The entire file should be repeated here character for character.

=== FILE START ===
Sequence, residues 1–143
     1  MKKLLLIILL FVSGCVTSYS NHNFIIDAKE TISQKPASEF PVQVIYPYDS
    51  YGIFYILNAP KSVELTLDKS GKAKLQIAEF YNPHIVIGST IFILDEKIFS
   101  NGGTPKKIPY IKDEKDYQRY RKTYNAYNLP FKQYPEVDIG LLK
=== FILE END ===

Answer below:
Sequence, residues 1–143
     1  MKKLLLIILL FVSGCVTSYS NHNFIIDAKE TISQKPASEF PVQVIYPYDS
    51  YGIFYILNAP KSVELTLDKS GKAKLQIAEF YNPHIVIGST IFILDEKIFS
   101  NGGTPKKIPY IKDEKDYQRY RKTYNAYNLP FKQYPEVDIG LLK